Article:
“Facing Workplace Violence and Best Practices for Prevention,” Employee Relations Law Journal
In an article published in the Winter issue of Employee Relations Law Journal, Christine Tenley, Nina Maja Bergmar and Miya Moore discuss components of a robust workplace safety protocol aimed at both preventing and confronting workplace violence.
Unfortunately, it is becoming a regular occurrence to hear news reports of mass shootings and violent attacks, many in the workplace. While the nature of attacks may differ greatly, employers examine their policies and procedures in order to prevent similar acts of workplace violence in their establishments.
Providing a safe working environment is a requirement of employers pursuant to the Occupational Safety Health Administration (OSHA) Act of 1970, which charges employers with maintaining a work environment “free from recognized hazards that are causing or are likely to cause death or serious physical harm.” Yet, each year two million American workers report having been victims of workplace violence, and it is likely that many additional cases go unreported.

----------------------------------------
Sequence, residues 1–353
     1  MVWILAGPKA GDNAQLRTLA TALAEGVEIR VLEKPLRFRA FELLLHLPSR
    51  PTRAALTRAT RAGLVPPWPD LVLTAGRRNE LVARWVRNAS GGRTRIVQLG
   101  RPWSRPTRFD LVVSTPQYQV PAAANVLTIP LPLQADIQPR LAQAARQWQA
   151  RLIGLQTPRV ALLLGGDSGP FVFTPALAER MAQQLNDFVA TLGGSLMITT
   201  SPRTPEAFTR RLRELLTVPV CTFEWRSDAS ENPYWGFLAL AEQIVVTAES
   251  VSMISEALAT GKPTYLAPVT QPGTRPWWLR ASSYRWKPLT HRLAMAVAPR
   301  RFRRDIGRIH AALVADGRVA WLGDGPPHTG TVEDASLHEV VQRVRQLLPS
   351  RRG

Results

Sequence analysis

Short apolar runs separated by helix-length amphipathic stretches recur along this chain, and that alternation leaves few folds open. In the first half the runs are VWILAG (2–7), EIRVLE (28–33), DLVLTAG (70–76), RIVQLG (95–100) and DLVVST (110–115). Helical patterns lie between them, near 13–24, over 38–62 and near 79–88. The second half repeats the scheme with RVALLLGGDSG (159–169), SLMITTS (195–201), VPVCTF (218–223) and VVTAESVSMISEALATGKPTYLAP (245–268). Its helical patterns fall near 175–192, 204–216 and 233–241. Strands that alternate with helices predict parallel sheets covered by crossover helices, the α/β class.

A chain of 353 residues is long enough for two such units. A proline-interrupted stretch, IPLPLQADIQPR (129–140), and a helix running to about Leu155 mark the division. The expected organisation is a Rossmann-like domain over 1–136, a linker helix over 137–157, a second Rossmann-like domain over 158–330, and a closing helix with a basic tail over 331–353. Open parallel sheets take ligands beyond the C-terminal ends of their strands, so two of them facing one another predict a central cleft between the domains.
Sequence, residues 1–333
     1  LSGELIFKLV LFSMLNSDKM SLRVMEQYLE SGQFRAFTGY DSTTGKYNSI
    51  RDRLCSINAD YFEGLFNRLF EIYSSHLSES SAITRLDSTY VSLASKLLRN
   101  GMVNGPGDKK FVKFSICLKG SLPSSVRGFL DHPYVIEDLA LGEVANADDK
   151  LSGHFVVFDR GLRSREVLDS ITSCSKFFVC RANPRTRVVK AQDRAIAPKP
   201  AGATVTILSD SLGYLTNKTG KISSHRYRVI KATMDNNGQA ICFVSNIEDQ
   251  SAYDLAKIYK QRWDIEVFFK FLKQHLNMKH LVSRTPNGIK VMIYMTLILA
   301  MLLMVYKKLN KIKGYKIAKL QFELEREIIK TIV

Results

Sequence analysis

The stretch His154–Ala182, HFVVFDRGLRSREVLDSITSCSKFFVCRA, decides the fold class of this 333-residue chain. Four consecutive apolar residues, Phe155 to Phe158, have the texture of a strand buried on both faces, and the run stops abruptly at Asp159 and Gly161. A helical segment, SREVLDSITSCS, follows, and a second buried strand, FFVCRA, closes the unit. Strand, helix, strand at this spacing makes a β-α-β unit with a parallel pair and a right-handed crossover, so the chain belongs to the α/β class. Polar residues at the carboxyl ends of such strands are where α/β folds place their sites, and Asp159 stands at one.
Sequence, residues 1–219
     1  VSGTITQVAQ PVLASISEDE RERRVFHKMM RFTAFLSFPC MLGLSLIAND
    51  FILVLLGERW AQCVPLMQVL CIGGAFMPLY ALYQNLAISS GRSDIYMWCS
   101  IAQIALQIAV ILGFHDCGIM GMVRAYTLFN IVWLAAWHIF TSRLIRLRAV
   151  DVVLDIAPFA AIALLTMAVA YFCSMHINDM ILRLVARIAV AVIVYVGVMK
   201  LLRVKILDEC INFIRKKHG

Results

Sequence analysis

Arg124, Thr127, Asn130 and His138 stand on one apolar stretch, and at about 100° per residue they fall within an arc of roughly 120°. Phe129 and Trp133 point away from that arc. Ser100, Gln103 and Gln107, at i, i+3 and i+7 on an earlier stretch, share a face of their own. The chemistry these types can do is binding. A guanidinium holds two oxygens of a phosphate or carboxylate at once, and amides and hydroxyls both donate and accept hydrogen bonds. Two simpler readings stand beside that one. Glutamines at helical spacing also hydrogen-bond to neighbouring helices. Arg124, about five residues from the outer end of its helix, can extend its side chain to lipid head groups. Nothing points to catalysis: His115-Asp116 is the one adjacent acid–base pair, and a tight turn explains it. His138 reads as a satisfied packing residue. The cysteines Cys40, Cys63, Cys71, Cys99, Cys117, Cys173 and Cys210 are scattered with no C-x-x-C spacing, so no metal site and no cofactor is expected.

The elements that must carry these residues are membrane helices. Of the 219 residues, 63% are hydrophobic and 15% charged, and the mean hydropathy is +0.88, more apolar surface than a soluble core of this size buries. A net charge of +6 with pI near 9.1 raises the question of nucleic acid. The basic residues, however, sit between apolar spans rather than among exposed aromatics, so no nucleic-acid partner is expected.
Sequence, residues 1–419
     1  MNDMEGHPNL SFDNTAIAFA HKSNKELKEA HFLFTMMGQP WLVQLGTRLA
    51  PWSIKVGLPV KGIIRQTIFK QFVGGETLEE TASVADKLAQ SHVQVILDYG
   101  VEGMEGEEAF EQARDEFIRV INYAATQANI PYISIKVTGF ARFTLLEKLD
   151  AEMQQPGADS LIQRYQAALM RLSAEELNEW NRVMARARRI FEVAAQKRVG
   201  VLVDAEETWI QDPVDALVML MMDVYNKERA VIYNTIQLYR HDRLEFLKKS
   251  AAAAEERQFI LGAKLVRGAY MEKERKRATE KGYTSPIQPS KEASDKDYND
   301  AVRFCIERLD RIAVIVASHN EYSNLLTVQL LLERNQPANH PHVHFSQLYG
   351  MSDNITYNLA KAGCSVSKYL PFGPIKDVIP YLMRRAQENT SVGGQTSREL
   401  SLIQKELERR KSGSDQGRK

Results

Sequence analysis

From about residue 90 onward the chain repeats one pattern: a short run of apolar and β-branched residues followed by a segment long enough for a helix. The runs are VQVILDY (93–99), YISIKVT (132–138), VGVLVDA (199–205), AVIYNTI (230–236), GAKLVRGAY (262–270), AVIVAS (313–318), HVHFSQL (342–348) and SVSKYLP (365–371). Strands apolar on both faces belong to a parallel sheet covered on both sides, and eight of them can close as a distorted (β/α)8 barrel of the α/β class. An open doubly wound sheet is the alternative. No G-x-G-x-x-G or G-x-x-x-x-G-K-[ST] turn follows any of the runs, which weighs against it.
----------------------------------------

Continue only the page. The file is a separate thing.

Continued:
The most effective way to address workplace violence is to implement a robust workplace safety protocol aimed at both preventing and confronting workplace violence. Consider incorporating the following elements in your company policies and procedures: prescreen applicants, implement workplace safety and reporting procedures, offer an employee assistance program, establish safe termination protocols, train employees on policies and procedures, and maintain thorough records.
The authors conclude, “While there is no way to predict an attack, the preventative measures discussed above may prevent or decrease the likelihood of future violence. Even in the aftermath of a violent incident, employers should take the opportunity to assess and examine any vulnerabilities that, if corrected, could have either prevented the incident from occurring or minimized its effects. With effective workplace safety policies and procedures, employers can prevent, respond to, and recover from workplace violence.”